"Cross-attention is redundant in the fidelity-improving stage. During the semantics-planning stage, cross-attention plays a crucial role in creating meaningful semantics. Yet, in the latter stage, cross-attention converges and has a minor impact on the generation process." "Bypassing cross-attention during the fidelity-improving stage can potentially reduce the computation cost while maintaining the image generation quality."

Deeper Inquiries

How can the insights from this study be applied to other generative models beyond text-to-image diffusion, such as video generation or multi-modal generation?

The insights from this study can be applied to other generative models beyond text-to-image diffusion by considering the role of cross-attention in the inference process. For video generation models, where sequential frames are generated, understanding the convergence of cross-attention can help optimize the generation process. By identifying the point at which cross-attention converges and becomes less impactful, models can be designed to efficiently generate video sequences. This can lead to faster inference and improved generation quality. In the case of multi-modal generation, where models generate outputs based on multiple input modalities, the findings on the redundancy of cross-attention in later inference steps can be leveraged. By caching and reusing cross-attention outputs, models can reduce computation complexity and improve efficiency in generating multi-modal outputs. This approach can be particularly beneficial in scenarios where multiple modalities need to be integrated for generating diverse outputs. Overall, the insights from this study can be generalized to various generative models by optimizing the use of cross-attention, improving efficiency, and enhancing the quality of generated outputs.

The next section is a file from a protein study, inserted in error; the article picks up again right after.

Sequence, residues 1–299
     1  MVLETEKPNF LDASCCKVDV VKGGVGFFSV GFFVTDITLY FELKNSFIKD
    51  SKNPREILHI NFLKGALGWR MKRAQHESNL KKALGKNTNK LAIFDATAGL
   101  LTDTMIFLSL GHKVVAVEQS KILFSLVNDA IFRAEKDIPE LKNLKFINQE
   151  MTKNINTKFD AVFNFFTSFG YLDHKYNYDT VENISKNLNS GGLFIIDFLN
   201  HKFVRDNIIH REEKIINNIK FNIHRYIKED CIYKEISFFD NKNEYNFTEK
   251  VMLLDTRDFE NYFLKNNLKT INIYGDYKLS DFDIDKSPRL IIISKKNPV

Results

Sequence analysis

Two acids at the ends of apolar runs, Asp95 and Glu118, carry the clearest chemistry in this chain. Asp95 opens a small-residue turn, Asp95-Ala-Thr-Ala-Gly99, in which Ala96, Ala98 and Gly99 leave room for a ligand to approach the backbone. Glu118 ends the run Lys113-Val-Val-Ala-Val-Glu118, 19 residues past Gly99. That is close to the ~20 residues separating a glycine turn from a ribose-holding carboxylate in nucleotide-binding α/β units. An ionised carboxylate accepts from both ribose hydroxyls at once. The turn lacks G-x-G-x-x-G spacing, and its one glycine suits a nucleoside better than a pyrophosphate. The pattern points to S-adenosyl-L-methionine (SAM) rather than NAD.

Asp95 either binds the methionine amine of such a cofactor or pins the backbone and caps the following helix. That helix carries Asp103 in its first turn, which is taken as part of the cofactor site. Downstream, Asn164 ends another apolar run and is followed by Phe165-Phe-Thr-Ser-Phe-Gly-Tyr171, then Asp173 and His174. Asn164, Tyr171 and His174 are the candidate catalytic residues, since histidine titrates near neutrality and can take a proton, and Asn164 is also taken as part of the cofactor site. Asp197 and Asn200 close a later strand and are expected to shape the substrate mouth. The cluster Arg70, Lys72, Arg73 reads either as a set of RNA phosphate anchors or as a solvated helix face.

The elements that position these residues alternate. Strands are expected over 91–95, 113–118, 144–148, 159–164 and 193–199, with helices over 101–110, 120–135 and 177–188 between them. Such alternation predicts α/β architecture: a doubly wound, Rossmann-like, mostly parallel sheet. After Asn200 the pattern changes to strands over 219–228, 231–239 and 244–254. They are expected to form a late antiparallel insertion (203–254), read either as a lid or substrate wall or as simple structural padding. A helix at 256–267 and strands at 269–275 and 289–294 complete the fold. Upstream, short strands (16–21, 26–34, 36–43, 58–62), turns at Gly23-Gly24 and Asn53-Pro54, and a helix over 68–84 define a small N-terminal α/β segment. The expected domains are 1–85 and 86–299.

What are the potential drawbacks or limitations of the TGATE method, and how could they be addressed in future research?